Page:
Calculate duration of media files such as mp3/wav programmatically using java

Programmatically get the duration of a media file using java. The file formats are limited to mp3 and wav.

1 answer

  • answered 2021-11-25 10:37 Raihanul Alam Hridoy

    After searching for long, I have found two ways to calculate duration of mp3 and wav files. For wav file:

    public static double getDurationOfWavFile(String filename){
        logger.debug("getDuration (wav) -- filename: " + filename);
        File file = null;
        double durationInSeconds=0;
        try {
            file = new File(filename);
            AudioInputStream audioInputStream = AudioSystem.getAudioInputStream(file);
            AudioFormat format = audioInputStream.getFormat();
            long frames = audioInputStream.getFrameLength();
            durationInSeconds = (frames+0.0) / format.getFrameRate();
    
        } catch (Exception ex) {
            logger.error(ex.getMessage());
        }
        return durationInSeconds;
    }
    

    Unfortunately, this method doesn't work for mp3 files. MPEG Audio Frame Header information can be seen from that URL. By performing the calculation specified in this answer, mp3 media duration can be calculated. But there is an easier way by using a java library. The library link is jlayer-1.0.1.4.jar. This library can calculate duration from a mp3 file but cannot calculate from wav file. I also tried to convert the wav file to mp3 using python script and library gtts. But it the converted mp3 fails to give correct duration. So, for wav file the above mentioned code performs best. For mp3 file the below code can be useful:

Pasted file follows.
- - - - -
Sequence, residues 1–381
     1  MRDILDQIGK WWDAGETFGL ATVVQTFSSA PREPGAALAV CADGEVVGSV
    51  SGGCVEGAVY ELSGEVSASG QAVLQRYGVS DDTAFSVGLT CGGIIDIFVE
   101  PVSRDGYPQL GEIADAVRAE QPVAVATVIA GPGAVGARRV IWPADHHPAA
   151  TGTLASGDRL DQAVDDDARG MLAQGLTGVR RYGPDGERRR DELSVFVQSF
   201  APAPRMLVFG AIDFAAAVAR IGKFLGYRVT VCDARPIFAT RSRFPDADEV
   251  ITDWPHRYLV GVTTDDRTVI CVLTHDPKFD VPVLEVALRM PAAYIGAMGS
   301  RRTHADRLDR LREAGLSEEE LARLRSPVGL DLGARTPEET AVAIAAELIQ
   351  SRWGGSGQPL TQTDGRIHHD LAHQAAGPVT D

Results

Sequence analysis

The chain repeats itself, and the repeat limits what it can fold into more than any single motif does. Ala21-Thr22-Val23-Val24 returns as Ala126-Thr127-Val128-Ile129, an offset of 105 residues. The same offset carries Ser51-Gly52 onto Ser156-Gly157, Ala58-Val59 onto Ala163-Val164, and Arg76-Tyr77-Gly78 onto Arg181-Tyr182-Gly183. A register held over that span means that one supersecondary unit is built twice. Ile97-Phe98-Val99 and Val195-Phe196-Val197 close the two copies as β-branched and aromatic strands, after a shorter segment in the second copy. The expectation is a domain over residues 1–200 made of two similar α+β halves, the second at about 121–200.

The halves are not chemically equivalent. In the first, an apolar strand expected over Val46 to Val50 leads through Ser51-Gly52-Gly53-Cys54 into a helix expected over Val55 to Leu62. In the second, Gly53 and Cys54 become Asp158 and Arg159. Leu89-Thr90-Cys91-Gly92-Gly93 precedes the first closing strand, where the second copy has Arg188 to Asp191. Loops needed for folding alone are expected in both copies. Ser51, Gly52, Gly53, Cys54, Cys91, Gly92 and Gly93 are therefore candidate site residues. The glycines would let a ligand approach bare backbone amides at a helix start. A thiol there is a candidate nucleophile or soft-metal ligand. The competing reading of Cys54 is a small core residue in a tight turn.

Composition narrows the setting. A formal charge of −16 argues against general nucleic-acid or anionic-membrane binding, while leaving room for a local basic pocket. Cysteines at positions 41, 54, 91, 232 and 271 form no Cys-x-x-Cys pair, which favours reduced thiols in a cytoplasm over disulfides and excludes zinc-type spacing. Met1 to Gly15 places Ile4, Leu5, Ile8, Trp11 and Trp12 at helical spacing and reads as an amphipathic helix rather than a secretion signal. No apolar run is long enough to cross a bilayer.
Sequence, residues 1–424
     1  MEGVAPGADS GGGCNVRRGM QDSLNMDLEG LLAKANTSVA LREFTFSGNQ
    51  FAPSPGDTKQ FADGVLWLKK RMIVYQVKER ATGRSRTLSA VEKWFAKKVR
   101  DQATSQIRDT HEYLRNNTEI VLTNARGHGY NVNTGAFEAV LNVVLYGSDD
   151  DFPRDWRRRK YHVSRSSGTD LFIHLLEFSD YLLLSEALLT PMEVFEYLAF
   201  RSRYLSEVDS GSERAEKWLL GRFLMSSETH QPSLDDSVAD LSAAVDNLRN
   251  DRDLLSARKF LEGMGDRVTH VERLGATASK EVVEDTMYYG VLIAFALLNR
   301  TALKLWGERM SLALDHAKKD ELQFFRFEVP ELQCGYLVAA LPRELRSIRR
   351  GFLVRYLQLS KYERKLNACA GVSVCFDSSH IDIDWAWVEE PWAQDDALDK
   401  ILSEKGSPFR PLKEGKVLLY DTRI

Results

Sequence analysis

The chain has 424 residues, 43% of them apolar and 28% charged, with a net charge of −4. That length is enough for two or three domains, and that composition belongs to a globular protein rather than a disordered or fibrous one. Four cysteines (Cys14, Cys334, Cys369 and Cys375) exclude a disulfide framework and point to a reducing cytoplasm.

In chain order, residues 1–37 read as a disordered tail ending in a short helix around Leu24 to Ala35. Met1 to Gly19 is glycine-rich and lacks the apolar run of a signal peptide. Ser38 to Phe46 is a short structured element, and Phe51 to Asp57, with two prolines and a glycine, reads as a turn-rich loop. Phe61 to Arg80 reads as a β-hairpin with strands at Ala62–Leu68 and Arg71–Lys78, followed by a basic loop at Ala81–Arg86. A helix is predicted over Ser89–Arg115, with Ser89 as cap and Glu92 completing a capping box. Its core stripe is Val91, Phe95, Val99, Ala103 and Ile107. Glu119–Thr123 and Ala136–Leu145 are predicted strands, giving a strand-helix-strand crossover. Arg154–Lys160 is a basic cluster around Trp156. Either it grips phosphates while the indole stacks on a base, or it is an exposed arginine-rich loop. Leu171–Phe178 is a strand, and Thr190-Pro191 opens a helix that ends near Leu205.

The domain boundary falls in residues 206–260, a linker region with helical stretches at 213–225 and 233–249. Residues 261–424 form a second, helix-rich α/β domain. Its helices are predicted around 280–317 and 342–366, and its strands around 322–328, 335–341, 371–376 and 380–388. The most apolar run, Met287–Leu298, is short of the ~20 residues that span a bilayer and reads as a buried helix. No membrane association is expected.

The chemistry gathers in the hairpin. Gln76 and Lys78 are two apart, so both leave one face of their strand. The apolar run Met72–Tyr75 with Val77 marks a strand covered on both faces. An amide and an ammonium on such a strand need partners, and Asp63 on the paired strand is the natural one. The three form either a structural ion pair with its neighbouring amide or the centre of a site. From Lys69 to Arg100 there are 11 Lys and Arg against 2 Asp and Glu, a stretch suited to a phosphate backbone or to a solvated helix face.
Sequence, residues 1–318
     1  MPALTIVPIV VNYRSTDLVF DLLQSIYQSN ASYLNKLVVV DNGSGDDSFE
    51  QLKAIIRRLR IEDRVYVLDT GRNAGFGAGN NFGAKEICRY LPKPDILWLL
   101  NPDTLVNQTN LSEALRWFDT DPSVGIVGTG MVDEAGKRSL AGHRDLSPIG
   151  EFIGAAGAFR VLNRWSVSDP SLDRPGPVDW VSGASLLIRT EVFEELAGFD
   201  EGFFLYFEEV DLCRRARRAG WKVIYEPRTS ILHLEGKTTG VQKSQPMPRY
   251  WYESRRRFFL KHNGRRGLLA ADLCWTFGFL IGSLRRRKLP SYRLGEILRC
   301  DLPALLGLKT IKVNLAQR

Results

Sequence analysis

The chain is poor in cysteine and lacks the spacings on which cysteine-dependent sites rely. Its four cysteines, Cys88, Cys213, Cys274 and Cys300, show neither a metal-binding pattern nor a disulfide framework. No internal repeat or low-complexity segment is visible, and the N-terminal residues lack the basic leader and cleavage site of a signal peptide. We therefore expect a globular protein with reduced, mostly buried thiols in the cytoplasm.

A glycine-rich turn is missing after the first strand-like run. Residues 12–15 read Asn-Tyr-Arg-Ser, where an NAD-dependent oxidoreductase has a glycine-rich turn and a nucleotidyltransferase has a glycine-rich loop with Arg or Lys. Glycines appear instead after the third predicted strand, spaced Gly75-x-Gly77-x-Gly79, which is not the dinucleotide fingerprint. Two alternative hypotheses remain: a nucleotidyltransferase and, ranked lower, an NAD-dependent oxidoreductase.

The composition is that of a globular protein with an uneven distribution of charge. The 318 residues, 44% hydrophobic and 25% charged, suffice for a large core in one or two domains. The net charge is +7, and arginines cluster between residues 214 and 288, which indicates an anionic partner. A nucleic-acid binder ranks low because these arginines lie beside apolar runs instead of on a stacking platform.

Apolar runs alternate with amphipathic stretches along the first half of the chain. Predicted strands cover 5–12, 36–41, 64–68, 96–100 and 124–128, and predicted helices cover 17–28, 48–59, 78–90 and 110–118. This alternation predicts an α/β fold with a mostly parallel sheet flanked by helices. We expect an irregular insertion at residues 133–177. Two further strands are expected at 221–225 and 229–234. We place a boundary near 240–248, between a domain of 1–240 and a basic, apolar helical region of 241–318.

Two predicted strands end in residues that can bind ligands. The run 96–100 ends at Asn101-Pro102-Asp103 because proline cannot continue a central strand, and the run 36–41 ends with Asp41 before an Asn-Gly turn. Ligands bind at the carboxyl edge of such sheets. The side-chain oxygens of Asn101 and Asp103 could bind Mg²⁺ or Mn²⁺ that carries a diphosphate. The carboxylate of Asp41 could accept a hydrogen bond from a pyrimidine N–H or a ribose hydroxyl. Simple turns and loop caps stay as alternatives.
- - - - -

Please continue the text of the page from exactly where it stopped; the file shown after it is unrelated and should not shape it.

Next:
public static float getDuration(String filename){
        logger.debug("getDuration (mp3) -- filename: " + filename);
        Bitstream bitstream;
        Header h = null;
        FileInputStream file = null;
        try {
            file = new FileInputStream(filename);
        } catch (FileNotFoundException ex) {}
        bitstream = new Bitstream(file);
        try {
            h = bitstream.readFrame();
        } catch (BitstreamException ex) {}
        int size = h.calculate_framesize();
        float ms_per_frame = h.ms_per_frame();
        int maxSize = h.max_number_of_frames(10000);
        float t = h.total_ms(size);
        long tn = 0;
        try {
            tn = file.getChannel().size();
        } catch (IOException ex) {}
        int min = h.min_number_of_frames(500);
        return h.total_ms((int) tn)/1000;
    }
    

    I haven't tried any other formats. I hope this answer solves your problems.

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